For the last four years the Surplus Festival in South Wales has been one of the highlights of the grass roots festival scene. Over the first weekend in July 2017, the event went up a gear, putting on their best event yet and throwing down the marker for other grassroots festivals. It will take some doing to beat Surplus this year.
Arriving at the site near Bonvilston, just outside Cardiff, it was almost immediately obvious that this year was a more organised event. More Stewards, better organised parking, more security – yet at the same time, the laid back vibe that makes Surplus what it is, was still there.
Once in the main arena the changes from 2016 were obvious straight away.
Gone was Wango Riley’s stage on the back of an articulated lorry, in was a new big top with top of the range sound system and lighting. The lone chip van was now replaced by half a dozen quality food outlets, including two full blown festival cafes with seating. The market was expanded with a number of stalls selling the usual festival gear and there were two separate ‘dance tents’. Three if you include the Tribe Tavern which transformed into a disco in the evenings, after afternoons of live music.
So whilst previous Surplus gatherings have served up the best live bands on the underground scene, the new look Surplus has lots of side orders to graze on, meaning there was plenty to see and do without going near any of the stages.
Something’s never change though and the Crow Stage still utilised ‘Orrible Ian’s marquee and PA.
The Crow Stage is a peek inside the brain of veteran festival head Torrie. Sometimes chaotic, usually ska, always punk. Whilst a few of the bands on there could be described as ‘rough arsed punk as fuck noise merchants’, on the whole the quality was quite high. Highlights included PAIN’s first venture over the Severn Bridge for over a decade, The Sporadics last gig with their current guitarist and Tribazik’s full on sensory assault. Dub the Earth got everyone grooving and a rare performance by the Black Star Dub Collective got everyone feeling irie.
There were occasions when the timings on the blackboard outside the Crow Stage bore no resemblance to what was actually on stage, but given the quality of bill in general, it didn’t really matter. When the Defekters got stuck in traffic, their singer Cara Jane Murphy got up to do a solo set, which is about as cool a substitution as you can get.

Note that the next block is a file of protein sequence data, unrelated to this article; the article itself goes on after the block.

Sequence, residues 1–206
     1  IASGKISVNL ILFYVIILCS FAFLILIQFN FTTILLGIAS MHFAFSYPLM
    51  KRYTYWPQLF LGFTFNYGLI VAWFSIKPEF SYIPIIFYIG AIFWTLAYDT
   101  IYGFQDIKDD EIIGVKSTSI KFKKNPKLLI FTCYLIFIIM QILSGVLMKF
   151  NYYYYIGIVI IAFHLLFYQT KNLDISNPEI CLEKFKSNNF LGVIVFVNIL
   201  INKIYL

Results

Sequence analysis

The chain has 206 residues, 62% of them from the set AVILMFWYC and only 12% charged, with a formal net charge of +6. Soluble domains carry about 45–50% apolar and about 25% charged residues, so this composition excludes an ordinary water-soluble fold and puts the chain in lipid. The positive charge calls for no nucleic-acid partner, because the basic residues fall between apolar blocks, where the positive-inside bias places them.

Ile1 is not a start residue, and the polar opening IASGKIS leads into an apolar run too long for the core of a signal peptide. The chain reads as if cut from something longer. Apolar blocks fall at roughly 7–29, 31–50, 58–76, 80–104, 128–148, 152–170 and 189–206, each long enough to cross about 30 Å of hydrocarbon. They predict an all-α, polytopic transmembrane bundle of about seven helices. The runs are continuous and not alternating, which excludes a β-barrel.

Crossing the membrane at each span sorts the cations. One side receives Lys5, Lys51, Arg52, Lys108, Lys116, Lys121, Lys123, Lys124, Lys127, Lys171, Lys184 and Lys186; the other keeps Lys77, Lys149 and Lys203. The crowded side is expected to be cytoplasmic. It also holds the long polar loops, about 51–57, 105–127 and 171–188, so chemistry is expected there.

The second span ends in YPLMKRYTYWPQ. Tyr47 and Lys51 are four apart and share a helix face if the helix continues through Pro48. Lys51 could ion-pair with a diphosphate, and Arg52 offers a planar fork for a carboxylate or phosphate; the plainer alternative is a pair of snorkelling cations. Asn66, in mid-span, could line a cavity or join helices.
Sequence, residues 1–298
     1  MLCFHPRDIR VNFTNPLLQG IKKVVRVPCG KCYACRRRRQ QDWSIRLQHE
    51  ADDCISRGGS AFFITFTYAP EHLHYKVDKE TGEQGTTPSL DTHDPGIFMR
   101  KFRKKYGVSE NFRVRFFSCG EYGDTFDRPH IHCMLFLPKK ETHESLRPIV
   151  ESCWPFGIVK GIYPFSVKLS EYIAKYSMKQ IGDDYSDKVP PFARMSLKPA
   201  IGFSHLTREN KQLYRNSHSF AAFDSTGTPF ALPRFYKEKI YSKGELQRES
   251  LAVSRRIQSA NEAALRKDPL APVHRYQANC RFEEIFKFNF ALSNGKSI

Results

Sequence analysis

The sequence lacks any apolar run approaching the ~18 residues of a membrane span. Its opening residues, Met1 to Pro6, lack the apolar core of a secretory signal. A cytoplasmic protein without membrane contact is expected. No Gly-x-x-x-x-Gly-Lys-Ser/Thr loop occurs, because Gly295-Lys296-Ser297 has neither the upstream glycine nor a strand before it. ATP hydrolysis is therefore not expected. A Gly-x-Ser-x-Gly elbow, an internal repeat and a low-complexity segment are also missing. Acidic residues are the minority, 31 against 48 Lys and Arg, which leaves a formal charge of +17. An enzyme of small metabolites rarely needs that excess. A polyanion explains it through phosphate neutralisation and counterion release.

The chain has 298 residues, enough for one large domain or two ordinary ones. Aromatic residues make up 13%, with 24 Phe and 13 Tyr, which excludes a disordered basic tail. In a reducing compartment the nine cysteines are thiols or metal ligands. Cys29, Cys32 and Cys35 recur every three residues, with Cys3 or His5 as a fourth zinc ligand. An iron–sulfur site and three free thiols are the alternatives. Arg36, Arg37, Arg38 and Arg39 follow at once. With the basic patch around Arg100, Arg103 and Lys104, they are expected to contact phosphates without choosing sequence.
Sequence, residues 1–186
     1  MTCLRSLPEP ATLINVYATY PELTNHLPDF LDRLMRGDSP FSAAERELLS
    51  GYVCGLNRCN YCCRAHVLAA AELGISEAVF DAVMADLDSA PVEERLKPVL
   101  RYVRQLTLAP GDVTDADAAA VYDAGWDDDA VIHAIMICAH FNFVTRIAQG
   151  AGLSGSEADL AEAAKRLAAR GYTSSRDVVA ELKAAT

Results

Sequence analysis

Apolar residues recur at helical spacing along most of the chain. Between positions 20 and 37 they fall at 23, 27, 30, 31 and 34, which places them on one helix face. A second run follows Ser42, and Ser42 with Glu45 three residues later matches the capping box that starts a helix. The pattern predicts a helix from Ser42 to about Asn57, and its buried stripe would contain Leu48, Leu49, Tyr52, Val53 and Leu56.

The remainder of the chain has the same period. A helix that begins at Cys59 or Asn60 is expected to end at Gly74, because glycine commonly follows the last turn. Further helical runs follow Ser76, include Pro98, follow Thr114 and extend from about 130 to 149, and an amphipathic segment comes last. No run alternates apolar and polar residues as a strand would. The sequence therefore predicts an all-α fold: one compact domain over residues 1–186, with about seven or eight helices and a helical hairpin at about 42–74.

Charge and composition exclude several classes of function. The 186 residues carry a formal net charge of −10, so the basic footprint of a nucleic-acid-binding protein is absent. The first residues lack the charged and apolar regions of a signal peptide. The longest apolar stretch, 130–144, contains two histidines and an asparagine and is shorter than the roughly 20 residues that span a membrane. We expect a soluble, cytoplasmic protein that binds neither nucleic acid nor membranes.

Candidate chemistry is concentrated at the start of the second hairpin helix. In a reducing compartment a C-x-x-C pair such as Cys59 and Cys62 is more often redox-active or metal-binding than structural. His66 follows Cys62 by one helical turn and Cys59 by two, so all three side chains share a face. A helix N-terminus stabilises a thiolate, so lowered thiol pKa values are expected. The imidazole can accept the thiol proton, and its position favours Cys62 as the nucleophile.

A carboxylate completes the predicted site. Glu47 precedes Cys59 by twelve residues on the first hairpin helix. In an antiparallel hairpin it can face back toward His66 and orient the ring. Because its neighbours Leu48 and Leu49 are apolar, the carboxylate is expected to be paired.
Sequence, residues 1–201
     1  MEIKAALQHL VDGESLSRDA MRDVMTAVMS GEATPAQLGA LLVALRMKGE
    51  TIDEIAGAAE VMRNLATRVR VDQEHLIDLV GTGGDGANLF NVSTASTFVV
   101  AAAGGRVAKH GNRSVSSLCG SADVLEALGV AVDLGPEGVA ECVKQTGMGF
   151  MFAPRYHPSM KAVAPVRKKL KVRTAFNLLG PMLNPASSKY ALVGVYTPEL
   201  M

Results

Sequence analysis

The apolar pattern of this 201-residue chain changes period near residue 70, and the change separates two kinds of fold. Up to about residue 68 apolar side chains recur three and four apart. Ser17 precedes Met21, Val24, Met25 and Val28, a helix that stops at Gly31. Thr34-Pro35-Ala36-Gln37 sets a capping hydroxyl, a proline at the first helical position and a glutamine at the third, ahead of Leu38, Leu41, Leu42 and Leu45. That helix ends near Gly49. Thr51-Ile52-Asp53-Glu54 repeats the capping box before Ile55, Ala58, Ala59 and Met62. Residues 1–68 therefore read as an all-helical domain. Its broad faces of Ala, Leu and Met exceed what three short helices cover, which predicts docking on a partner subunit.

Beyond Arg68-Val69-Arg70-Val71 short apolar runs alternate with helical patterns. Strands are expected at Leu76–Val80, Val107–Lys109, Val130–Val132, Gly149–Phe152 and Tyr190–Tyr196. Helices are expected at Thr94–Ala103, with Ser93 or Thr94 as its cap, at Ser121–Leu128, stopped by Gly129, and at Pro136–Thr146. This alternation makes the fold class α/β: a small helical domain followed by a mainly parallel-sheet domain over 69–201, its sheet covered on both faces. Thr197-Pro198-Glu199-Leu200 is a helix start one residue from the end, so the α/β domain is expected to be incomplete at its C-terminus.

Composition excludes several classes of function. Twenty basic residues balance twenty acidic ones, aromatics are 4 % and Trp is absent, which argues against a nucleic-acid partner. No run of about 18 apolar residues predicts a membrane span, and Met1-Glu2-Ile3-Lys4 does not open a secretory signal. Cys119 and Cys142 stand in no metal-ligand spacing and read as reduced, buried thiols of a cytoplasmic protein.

But no matter the slippage and changes in the line-up, the stars all came into line at exactly the right time on Sunday night when Radical Dance Faction burst into ‘Surplus People’ for their encore. The stage was invaded and the whole of the site bounced as the gathered masses realised the sands of time were running out for this year’s Surplus.
Just up the hill Keith it Real and Jo, were running the Tribe Tavern, which was where everyone chilled and soaked up the rays in the afternoons. Ciders were drunk on the bales of straw, Joe Yorke made everyone smile, Cosmo made everyone laugh whilst punching the air, and Clusterfuck made everyone check to see if their drinks had been spiked.
In the nights the tavern went all big box little box, but just over the hill Two Speed Steve was running the Incubator, which provided a space for the serious gurners. Benji 303 and the legendary Chris Liberator were amongst the pilots of the spaceship over the weekend.
The Levitation stage was the big top where the Boy Fry was splattering his psychedelic thoughts over the stage like a sonic Jackson Pollock. West Wales number one ska outfit The Chalk Outlines warmed up the Friday night before AOS3 took the ska vibe, dipped it in LSD and punked it up.
Throughout the weekend the cream of the UK psychedelic and stoner grass roots rolled on and off the Levitation stage, from new comers such as Cardiff’s The Biggest Thing Since Powdered Milk (catch them while you can, these guys are going places), through Cymbernetic Witch Cult and Trevors Head, to seasoned festival legends such Kangeroo Moon and the Hawklords.
And of course, a tent is just a tent, until you have the likes of Crocker and Felix working their magic on the PA and Grub painting the tent with his lightshow.
But it takes more than a collection of stages, live bands and stalls to make a festival. What makes Surplus special is the vibe. People had travelled from all over the country for a piece of the action, the festival family all looked out for each other and laughed together, old acquaintances were renewed and lifelong friendships formed.
This can only happen when the organisers are in the same headspace as the punters. And boy are the Surplus crew on the same page. It is something of a miracle that a bunch of wreckheads like this can pull something off as professional as this. Sure, there must have been chaos behind the scenes, but front of house was like a well-oiled jigsaw.
Pervious Surplus gatherings were pretty special. This year was bigger and better than ever, improving on things we did not know needed improving. It would be incredibly easy to fuck this up in the future, but for the time being, we are just going to enjoy being part of this little bit of history that, no matter what happens in the future, will go down in festival folklore as a special chapter.